Right now, the apocalypse is hip. Revolution and The Walking Dead are two of television's biggest success stories this season. The former is a surprise success for NBC, which is struggling otherwise, while the latter is breaking cable records on AMC. But the settings of these shows have more in common than their apocalyptic nature. The quality of their apocalypses, the drama they're attempting to mine, and the aspects of modern society they choose to discuss reveal a great deal about modern anxieties about population, morality, and climate change. But they don't necessarily confront these issues, head-on. Instead, they offer a “do-over.”
But it's the latter issue, that of climate change, that drives the recent popularity of the population apocalypses. Rapid climate change could be seen to indicate that we're undergoing a slow-motion apocalypse; it's something that affects us at a personal level, and it is both uncontrollable and unstoppable. Finally, it's something that, at its worst, will force Earth’s residents to focus on the facts of existence on the planet, like extreme weather events, food and water shortages, mass extinction, and potential political destabilization, while our social and technological focuses (including television!) are already often derided as distractions preventing the masses from pushing to make the world a better place. These two apocalypse-based shows thus function as allegories for climate change's worst-case scenarios; the grittier, more violent cable drama The Walking Dead portrays a world without hope while Revolution is notably brighter in tone, though not exactly uplifting. But they only function as allegories, manifesting an anxiety—will the world go to hell?—without actually engaging with it.
Both Revolution and The Walking Dead engage with the idea of the do-over. The institutions and leaders who failed or are failing to protect society from collapse are gone, but so too are the real-world effects of their failures. Global warming is irrelevant. These shows may use some of the symbolism and anxiety of a climate apocalypse, but they avoid dealing with it head-on, inadvertently promoting the idea that something almost magical will prevent us from having to deal with the excesses of civilization. This isn't necessarily just a component of current broadcast television: a 1990s version of Terra Nova and Revolution, SeaQuest DSV, was premised on overpopulation, resource exhaustion, and rising oceans from climate change.
But you don't even have to go back in time to see impending, uncontrollable societal collapse due to both climate change and immorality in a speculative fiction TV series. HBO's Game Of Thrones provides a mirror image to the apocalypses on Revolution and The Walking Dead. It takes place in a world unrelated to modern Earth, yet this just makes its allegory stronger. From the very beginning, the idea that “winter is coming” pervades the series, but the “is coming” shows that the apocalypse is on its way, instead of having happened already. And the “winter” exists in the literal sense, allegorical sense, and a magical sense. The season lasts for years in the world of Game Of Thrones, and this particular winter is expected to be harsh. The “winter” also refers to the brutal civil war that envelops the Seven Kingdoms and beyond. Additionally, there's a supernatural threat of dark, uncontrollable magic returning to the world.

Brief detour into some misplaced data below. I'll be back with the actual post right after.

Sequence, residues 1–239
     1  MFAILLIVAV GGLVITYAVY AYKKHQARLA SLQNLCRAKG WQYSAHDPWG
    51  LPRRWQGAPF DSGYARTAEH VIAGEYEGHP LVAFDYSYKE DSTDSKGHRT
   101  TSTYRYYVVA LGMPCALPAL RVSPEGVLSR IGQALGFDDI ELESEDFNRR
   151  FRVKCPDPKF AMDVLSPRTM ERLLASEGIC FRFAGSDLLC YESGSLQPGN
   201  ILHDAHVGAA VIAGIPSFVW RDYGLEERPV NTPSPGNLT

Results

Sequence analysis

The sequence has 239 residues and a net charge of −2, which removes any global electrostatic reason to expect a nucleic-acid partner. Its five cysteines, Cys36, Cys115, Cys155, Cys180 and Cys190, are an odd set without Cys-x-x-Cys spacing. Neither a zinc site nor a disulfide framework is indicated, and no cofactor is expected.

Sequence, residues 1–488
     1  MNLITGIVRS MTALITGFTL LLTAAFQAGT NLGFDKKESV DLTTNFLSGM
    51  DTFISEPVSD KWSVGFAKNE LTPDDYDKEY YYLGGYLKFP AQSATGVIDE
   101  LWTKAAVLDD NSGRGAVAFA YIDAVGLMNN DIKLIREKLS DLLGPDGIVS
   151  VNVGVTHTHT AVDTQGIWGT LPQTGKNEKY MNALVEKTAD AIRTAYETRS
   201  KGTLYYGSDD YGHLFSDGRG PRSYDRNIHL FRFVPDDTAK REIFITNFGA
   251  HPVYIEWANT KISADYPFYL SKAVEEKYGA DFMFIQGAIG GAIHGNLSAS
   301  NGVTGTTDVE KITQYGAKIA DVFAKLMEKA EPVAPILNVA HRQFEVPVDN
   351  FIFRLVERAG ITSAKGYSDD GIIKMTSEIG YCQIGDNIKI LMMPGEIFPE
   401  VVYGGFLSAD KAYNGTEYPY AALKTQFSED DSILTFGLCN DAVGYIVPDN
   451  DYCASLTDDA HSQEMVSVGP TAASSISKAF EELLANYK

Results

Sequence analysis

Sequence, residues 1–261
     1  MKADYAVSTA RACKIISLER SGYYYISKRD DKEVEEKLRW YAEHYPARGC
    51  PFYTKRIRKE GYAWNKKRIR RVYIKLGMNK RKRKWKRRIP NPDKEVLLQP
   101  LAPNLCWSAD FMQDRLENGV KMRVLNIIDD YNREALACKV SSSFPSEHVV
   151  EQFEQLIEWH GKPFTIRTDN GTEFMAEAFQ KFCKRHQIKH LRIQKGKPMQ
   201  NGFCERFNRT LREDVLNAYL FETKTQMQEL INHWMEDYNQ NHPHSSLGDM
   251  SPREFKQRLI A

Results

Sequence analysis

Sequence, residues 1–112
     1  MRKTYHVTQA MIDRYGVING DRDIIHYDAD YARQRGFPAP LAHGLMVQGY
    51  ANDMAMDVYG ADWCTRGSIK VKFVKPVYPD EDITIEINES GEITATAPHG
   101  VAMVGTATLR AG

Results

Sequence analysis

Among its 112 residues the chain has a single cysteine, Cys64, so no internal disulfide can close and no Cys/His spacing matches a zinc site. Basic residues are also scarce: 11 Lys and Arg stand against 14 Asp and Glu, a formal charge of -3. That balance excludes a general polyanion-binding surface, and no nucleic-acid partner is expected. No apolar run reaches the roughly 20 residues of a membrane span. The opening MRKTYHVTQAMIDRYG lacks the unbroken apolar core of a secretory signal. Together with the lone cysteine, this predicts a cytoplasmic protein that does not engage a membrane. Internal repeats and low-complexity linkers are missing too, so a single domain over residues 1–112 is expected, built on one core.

Robb's (and others') inability to break the cycle of civil war and violence is a clear commentary on the failures of real-world political leaders to see beyond smaller, short-term political considerations in order to solve larger problems, such as the failure of the Copenhagen Summit in 2009. Perhaps most importantly, Game Of Thrones is built on the idea that the sins of the past destroy the hope of the future. The civil war of 15 years prior is a direct cause of the contemporary battles of the show, and the mistakes the characters make in the present, like Ned Stark's attempts at honor proving his downfall in the first season. The world of Game Of Thrones neither forgives nor forgets, and a do-over? Unthinkable.
This is not to say that the creators or fans of these shows view them as being explicitly about issues of population, climate change, or morality—that would be an especially difficult claim to make given that both The Walking Dead and Game Of Thrones are adaptations of older, already popular works. Rather, the point is that the popularity of certain kinds of apocalypse shows, both with the executives who greenlight them through the difficult pitch process and with the fans who support them, illustrates a need for these stories. The need comes from a feeling that something has gone horribly wrong with our political systems, with our societies, with our world, and with civilization itself. Television shows like The Walking Dead and Revolution draw power from the tension between our society's apocalypse anxiety and an allegory that trades complicated real issues for simple, if horrifying, escapism.
Rowan Kaiser is a freelance pop culture critic currently living in the Bay Area. He is a staff writer at The A.V. Club, covering television and literature. He also writes about video games for several different publications, including Joystiq and Paste Magazine. Follow him on Twitter at @rowankaiser for unimportant musings on media and extremely important kitten photographs.
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